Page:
FOR IMMEDIATE RELEASE
Senators Pileggi, Rafferty & Erickson, D.A. Hogan, Announce Legislation to Fight Gang Recruiting
NEW GARDEN TOWNSHIP – Senate Majority Leader Dominic Pileggi (R-9), Senator John Rafferty (R-44) and Senator Ted Erickson (R-26) today announced their plan to introduce legislation to create the criminal offense of "recruiting gang members" and enhance sentences for certain crimes committed by criminal street gangs.
The legislators worked closely with Chester County District Attorney Thomas P. Hogan, who is prosecuting 12 individuals between the ages of 16 and 20 for offenses related to the fatal stabbing of two rival gang leaders in Avondale, Chester County.
The Senators and the District Attorney were joined by Captain Bill White of the Pennsylvania State Police, Chief Gerald Simpson of New Garden Township, Chief Brian Sheller of Parkesburg, representing the Chester County Police Chiefs Association, Chief County Detective Jim Vito and County Detective Lieutenant Kevin Dykes.
"Gang activity is not limited to our major urban centers," Senator Pileggi said. "It has become apparent that we need to provide our prosecutors with new tools to combat the spread of gang violence. This legislation will help prevent young people from getting started in gang activity, which will in turn prevent unnecessary violence."
"From Chester County's perspective, this legislation is designed to protect our children and prevent criminal gangs from invading our communities. We will protect Chester County," District Attorney Hogan said. "If this legislation saves one kid from joining a criminal gang, it will be successful. If this legislation saves one young man from being killed in gang violence, it will have served its purpose. This legislation was inspired by two murders. Sometimes, good things come out of tragic circumstances."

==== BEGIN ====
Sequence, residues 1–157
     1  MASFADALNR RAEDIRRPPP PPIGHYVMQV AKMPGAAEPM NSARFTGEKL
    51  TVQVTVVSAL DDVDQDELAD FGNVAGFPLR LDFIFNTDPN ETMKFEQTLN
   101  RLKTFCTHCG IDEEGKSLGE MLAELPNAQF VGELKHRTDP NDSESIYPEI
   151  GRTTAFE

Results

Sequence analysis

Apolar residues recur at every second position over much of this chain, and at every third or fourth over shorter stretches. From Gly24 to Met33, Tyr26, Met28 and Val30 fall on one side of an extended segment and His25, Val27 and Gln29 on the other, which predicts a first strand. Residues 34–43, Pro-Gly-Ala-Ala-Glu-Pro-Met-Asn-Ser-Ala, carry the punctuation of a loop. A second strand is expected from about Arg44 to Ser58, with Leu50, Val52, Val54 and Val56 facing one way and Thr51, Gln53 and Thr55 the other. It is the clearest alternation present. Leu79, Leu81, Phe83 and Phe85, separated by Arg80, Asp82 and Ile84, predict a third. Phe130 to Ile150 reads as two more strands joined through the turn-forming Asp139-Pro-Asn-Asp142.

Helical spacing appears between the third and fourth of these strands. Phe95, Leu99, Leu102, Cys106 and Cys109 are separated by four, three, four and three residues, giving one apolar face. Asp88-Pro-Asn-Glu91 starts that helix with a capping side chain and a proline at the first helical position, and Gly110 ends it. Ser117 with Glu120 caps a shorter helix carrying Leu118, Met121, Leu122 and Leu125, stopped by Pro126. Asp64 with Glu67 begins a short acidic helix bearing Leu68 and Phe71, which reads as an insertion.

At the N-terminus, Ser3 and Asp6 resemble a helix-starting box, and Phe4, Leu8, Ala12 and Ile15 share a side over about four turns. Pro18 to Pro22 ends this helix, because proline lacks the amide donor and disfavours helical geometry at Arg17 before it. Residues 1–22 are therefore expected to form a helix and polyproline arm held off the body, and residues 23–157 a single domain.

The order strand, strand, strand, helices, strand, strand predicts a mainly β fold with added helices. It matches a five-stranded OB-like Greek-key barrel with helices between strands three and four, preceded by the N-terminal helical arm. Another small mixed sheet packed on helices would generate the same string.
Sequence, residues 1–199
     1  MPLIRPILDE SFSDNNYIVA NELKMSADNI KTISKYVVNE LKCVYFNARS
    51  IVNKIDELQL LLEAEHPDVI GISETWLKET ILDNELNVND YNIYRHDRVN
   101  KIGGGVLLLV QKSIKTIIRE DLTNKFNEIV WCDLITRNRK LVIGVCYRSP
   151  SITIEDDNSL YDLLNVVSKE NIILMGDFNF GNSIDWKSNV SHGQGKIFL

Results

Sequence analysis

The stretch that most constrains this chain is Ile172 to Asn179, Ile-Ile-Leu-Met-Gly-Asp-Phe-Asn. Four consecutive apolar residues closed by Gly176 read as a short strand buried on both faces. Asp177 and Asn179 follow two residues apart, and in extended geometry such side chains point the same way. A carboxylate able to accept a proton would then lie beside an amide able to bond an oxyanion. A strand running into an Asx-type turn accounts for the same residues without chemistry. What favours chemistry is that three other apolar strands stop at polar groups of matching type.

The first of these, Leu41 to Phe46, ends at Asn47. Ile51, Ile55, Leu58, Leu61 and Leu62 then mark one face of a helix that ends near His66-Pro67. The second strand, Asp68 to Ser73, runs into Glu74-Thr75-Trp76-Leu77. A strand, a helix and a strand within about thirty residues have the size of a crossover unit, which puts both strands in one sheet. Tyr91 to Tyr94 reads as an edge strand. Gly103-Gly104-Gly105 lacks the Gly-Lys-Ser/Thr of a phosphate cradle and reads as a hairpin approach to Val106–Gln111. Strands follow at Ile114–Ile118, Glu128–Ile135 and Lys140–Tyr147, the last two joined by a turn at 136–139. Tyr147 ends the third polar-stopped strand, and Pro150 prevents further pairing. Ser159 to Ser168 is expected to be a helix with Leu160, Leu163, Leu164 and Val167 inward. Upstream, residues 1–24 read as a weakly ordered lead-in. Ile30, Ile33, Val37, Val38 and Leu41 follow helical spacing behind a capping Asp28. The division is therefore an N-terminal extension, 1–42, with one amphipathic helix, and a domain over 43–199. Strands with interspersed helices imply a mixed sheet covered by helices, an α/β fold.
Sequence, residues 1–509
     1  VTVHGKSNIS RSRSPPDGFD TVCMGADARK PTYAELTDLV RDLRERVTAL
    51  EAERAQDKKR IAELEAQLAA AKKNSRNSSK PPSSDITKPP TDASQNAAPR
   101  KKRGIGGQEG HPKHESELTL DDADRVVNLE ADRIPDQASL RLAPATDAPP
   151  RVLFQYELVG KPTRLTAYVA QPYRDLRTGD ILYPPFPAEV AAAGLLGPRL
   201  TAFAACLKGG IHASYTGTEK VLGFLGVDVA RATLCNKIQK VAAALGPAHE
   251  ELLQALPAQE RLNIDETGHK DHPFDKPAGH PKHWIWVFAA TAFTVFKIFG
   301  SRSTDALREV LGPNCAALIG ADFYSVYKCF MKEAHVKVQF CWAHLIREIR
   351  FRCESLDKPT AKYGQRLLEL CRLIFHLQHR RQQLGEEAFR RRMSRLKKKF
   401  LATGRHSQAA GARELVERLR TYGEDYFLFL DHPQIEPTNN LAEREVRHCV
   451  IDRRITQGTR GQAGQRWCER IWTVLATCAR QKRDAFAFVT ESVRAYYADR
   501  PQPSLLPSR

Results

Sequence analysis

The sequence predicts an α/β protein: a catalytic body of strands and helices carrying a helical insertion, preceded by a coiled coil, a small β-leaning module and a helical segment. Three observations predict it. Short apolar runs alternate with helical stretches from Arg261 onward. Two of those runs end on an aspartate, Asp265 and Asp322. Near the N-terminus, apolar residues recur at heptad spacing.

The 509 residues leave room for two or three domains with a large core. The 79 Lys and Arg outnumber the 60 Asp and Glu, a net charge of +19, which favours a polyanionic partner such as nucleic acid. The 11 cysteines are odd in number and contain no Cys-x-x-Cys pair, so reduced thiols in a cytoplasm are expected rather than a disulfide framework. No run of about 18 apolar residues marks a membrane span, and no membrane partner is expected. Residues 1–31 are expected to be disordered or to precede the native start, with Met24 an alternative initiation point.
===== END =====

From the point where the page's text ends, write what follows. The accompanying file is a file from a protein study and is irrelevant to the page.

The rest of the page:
"The recent violence has demonstrated the need for legislation that focuses on keeping people away from gangs by punishing those individuals who recruit or intimidate individuals into joining," Senator Rafferty said. "Unfortunately, teens and young adults are all too often the targets for recruitment and intimidation by gang members and once these young people join a gang, it is often very difficult for them to get out. I believe this legislation will be an important tool for law enforcement in their efforts to curb gang participation and decrease gang violence."
"Gang leaders use lies to recruit young people into their group – a promise of power and respect that ultimately ends in imprisonment or death," Senator Erickson said. "And they use intimidation and outright violence to prevent members from leaving once the truth about gangs becomes apparent. This legislation sends the message that society won't sit by while thugs try to convince young citizens to join their criminal activities. I commend District Attorney Thomas Hogan for championing this measure, and I hope the legislature acts swiftly to provide this new tool to law enforcement."
The legislation will create three categories of the new criminal offense "recruiting gang members."
Individuals who solicit or invite a person to join or remain in a gang will commit a first-degree misdemeanor. Using threats or intimidation to cause a person to join or remain in a gang will be a third-degree felony, while inflicting bodily harm to cause a person to join or remain in a gang will be a third-degree felony with a sentencing enhancement.
At least 20 other states – including Delaware, New Jersey, Illinois and Michigan – have laws making it a crime to recruit gang members.
The legislation will also provide sentencing enhancements to the statutory minimums for several crimes, including violent crimes and drug possession with the intent to manufacture or deliver, if those crimes are committed to benefit or promote the interests of a criminal street gang.